Americans make a clear choice

‘Forget the soda! More Americans would rather quench their thirst with bottled water’, was Fox News’ lead into a story coming from America late last week that had many wondering if April Fool’s Day had come early.


But it hadn’t, new data from the International Bottled Water Association (IBWA) and the Beverage Marketing Corporation (BMC) was showing that Americans are drinking more bottled water than any other packaged beverage.

Specifically, with Americans drinking an average of nearly 139 litres of bottled water in 2016, it showed that bottled water sales outpaced those of carbonated soft drinks in 2016, in terms of volume, for the first time in history.

Bottled water sales in 2016 rose by 10 per cent year-on-year to US$16 billion (wholesale), while volumes were up 8.6 per cent, In addition, per-capita consumption was up 7.7 per cent.

It has taken bottled water a long time to reach this milestone in the US. With the exception of two relatively small declines in 2008 and 2009 (when most beverage categories contracted) bottled water volume grew every year from 1977 to 2016. This period included 17 double-digit annual volume growth spurts. Since resuming growth in 2010, bottled water volume has consistently enlarged at solid single-digit percentage rates.

The good news for America’s bottled water industry was accompanied by the results of a Harris Poll conducted for IBWA which found 86 per cent of people purchase bottled water. editorialised that the change comes as more Americans give up soda and other sugary drinks for health reasons.

The World Health Organisation recommends men typically need about 10.5 cups of water per day to ward off the debilitating effects of dehydration, and women typically need 9.3 cups to keep dehydration at bay. posed the question ‘Why not reach for water instead [of soda] to remain hydrated?’ and argued ‘Just read the nutrition facts on the side of a soft drink container. The calorie count is abnormally high. Now look at the label of a bottled water container. Only the serving size features a number larger than zero. There are no calories, no cholesterol, no sodium. You can harm the environment by carelessly tossing the bottle aside once it’s emptied, but you face no health risks by consuming it.’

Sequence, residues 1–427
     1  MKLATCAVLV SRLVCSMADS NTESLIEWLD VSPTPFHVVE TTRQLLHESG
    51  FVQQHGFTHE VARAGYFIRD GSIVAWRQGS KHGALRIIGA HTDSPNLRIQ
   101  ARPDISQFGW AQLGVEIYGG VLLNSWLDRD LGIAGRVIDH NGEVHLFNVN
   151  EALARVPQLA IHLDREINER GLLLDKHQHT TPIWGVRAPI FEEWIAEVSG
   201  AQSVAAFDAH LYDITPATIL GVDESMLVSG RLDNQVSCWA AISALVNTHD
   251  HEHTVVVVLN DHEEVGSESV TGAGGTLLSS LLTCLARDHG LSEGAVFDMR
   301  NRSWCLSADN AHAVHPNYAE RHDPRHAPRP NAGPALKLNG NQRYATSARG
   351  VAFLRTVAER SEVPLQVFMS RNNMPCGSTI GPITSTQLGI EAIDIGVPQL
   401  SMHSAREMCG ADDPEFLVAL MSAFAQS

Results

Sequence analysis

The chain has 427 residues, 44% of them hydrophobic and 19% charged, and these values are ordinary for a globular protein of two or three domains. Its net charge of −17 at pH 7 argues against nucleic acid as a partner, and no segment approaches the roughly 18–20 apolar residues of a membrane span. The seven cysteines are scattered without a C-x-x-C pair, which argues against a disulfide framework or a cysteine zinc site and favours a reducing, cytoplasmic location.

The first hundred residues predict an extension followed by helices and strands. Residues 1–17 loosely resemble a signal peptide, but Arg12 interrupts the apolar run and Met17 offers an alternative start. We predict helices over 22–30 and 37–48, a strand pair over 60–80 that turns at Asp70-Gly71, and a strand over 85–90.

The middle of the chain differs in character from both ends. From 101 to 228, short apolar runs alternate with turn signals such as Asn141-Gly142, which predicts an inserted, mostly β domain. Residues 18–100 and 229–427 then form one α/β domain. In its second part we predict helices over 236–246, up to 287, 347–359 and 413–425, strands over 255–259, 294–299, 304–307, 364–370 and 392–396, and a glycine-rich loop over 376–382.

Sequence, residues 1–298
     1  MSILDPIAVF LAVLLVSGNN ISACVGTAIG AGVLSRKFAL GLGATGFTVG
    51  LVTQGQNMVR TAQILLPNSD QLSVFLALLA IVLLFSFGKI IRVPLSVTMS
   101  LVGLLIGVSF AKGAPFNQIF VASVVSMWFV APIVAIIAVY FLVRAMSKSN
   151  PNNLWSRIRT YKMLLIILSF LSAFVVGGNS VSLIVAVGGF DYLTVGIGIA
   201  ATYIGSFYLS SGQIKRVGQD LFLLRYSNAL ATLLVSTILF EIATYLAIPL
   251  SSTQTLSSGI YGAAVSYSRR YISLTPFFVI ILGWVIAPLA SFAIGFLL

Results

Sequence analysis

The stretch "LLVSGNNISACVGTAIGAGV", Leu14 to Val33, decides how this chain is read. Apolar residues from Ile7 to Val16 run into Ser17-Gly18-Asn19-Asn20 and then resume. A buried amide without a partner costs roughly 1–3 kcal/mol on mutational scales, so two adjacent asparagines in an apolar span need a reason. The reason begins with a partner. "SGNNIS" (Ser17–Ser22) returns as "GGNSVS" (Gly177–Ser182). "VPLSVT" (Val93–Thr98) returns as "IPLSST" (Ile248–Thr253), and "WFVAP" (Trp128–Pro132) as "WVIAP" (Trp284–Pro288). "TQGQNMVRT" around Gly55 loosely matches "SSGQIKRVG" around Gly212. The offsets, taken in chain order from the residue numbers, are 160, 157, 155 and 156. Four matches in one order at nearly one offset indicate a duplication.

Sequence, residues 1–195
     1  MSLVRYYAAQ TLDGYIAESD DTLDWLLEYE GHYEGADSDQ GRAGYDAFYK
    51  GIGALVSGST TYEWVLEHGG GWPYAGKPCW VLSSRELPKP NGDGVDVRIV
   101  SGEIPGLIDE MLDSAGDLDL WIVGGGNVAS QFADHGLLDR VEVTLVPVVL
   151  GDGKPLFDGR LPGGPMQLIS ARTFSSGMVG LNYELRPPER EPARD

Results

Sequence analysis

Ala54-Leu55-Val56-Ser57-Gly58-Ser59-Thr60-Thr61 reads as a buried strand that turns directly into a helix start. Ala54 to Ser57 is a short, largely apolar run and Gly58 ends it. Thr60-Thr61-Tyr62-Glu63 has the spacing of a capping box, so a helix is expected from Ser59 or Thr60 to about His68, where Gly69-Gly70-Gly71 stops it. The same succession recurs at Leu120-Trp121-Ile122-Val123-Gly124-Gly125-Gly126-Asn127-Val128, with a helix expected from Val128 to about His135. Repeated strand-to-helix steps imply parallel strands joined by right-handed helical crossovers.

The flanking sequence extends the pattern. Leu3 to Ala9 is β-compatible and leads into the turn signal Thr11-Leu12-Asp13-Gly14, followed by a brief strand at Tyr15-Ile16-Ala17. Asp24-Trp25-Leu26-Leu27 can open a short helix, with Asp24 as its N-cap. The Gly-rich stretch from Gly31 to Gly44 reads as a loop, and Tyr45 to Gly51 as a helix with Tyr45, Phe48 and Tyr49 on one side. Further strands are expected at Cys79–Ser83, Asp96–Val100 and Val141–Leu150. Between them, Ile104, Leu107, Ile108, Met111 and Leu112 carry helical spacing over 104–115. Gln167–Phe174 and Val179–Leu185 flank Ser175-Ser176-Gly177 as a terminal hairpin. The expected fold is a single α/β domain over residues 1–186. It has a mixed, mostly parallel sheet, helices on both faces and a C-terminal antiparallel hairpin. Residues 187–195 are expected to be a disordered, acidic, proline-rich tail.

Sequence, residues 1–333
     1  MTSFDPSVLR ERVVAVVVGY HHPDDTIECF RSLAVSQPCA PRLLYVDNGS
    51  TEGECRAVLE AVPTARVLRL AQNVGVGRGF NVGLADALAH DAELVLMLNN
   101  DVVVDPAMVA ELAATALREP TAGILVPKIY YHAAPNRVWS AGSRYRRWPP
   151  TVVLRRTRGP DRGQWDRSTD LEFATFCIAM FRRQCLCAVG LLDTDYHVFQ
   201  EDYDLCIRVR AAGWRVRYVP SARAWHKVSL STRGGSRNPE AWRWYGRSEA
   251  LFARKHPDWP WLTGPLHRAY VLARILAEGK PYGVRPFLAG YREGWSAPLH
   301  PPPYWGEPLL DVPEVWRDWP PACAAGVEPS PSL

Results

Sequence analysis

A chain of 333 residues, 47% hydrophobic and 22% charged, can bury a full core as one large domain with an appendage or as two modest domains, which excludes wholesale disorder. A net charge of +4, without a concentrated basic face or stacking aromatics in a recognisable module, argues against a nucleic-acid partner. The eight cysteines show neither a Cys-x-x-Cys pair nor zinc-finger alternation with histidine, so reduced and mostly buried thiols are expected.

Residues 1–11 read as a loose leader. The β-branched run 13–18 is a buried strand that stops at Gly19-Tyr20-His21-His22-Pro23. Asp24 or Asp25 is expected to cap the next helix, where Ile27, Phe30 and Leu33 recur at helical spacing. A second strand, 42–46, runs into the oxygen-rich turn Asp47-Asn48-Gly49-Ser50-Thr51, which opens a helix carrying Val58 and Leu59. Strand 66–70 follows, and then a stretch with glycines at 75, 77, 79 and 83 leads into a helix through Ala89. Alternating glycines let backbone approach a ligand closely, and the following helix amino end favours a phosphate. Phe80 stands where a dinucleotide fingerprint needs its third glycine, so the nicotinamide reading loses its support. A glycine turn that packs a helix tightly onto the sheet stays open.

Asked to comment on the news, South African National Bottled Water Association executive director, Charlotte Metcalf, said that bottled water’s versatility makes it suitable for consumption at any time of day and in just about any setting or situation.

It doesn’t need to be kept cold (like soft drinks or juice) or warm (like conventional coffee or tea). And various packaging sizes and types (from those used in dispensers in homes and offices to single-serve containers sold at retail locations) facilitate a variety of uses.

She also highlighted that both SANBWA and the IBWA and their members are utilising a variety of measures to continue reducing the environmental impact of bottled water, such as using recycled plastic and some are producing 100 per cent recycled PET plastic bottled water containers.

Metcalf noted, ‘Bottled water’s environmental footprint is the lowest of any packaged beverage, according to a life cycle assessment conducted by Quantas, one that can be reduced by a further 25 per cent if it is recycled.’

According to Metcalf, South Africans don’t buy nearly as much bottled water. At SANBWA’s general information session, BMi Research’s Gareth Pearson told delegates that the bottled water industry is now a mature industry and that innovation is needed to grow market share. He also shared a few other facts and figures.

By volume, the South African beverage market in 2015 was dominated by alcoholic beverages (37.7 per cent) and non-alcoholic beverages excluding bottled water (34.7 per cent) while dairy beverages account for 24.2 per cent of the volume and the bottled water industry just 3.3 per cent.

Estimates for 2016 put alcoholic beverages at 36.6 per cent, non-alcoholic beverages at 35.9 per cent, dairy beverages at 24.2 per cent and bottled water at 3.4 per cent.

Within the bottled water market in 2015, still unflavoured waters accounted for 64 per cent of volume while sparkling flavoured waters made up 20.3 per cent of volume. For sparkling unflavoured the figure was 10.4 per cent, for still flavoured it was 3.3 per cent and two per cent was for functional waters.

Within the LSM 1- 4 group, frequency of purchase was relatively constant with 35 per cent  buying bottled waters once a week, 36 per cent buying bottled waters twice a week but just 29 per cent buying bottled waters three times or more a week. For the LSM 5-7 group, the figures were 30 per cent, 30 per cent and 40 per cent and for the LSM 8-10 group 19, 26 and 56 per cent.

She said one the general trends driving the market locally is that the drought has promoted a marginal shift towards larger sizes of still unflavoured water, and in drought regions bottled water is being used for washing and bathing as well as drinking.